- He would need to know where the final destination is on the map (know what the Perfect Shop is).
- He would need to know how to navigate correctly to the Perfect Shop (has a system to know where he is and know which way to go at all times).
It is important to correctly assess your current business situation. This assessment will give you a lot of insight on what you have to do in order to achieve the perfect business.
The trip to a Perfect Business is going to be much different for an owner who has recently opened his shop and is currently working alone than an owner who just bought a shop that is already successful and is doing over a $100,000 a year.
There are several key factors that determine how long it will take and if the shop owner actually ends up at his final destination. However, none of these factors have anything to do with selling work or fixing cars. In some cases, it is better if the owner has never fixed a car or sold a job.
The following is a list of jobs that some owners are doing:
- Mechanic: This person is working in the business. He is either being the Service Writer or involved in fixing the cars.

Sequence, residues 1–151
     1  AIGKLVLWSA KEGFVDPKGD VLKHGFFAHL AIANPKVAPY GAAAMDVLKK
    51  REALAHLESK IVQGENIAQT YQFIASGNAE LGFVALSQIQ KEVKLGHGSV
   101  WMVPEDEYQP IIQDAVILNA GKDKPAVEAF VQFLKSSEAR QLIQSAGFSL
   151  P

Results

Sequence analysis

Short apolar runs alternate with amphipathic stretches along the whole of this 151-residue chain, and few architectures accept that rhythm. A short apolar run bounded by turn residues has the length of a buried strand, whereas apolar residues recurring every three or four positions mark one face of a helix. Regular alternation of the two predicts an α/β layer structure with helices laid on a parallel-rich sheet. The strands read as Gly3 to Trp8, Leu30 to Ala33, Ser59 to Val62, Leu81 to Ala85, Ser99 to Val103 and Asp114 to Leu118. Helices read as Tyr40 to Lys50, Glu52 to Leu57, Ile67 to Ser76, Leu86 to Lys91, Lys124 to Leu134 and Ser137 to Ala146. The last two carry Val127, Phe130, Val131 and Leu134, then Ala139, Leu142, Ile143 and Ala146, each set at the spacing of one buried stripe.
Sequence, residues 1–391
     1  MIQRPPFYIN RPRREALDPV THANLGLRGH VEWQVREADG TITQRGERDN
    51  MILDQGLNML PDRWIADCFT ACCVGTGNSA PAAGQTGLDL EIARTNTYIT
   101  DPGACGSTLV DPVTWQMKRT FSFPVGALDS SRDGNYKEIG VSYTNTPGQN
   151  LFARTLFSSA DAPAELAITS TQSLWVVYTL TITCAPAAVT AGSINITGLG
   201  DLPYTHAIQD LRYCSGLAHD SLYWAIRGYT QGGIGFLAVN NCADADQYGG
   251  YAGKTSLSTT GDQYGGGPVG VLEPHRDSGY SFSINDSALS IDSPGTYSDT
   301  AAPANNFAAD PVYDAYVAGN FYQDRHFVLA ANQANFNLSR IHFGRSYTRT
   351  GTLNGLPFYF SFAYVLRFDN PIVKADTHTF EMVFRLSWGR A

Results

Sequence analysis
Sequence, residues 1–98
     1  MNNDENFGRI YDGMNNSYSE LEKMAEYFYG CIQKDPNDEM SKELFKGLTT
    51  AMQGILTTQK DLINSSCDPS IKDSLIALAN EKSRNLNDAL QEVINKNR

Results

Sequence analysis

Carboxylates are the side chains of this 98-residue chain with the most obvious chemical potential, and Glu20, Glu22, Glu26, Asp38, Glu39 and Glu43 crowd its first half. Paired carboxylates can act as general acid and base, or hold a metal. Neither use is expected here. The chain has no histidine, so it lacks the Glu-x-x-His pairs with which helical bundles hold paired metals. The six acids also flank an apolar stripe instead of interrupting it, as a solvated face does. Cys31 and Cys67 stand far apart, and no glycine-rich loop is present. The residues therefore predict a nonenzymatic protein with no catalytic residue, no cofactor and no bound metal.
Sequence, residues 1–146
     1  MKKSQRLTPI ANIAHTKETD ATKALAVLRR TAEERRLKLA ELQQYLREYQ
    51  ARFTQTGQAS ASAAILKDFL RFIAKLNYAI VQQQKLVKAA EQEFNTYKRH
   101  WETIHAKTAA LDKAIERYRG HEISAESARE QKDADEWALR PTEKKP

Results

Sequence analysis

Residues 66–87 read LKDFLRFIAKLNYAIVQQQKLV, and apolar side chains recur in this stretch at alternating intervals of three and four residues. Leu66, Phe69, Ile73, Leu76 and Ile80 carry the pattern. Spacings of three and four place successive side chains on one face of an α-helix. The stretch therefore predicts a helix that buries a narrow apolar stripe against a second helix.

- Driver: This person is managing his business. He has others handling customers and fixing the cars.
- Navigator: This person is directing his business. In a multi-store operation, this person would be the General Manager. He has a manager to drive the car (run the business).
- Owner: This person has the perfect business. He just monitors the progress of the business from whereever he wants to be.
The owner that is still heavily working in the business, either fixing cars or handling customers or both, is limiting his growth and expansion. I have never seen a one-man band do $50,000 a month in sales.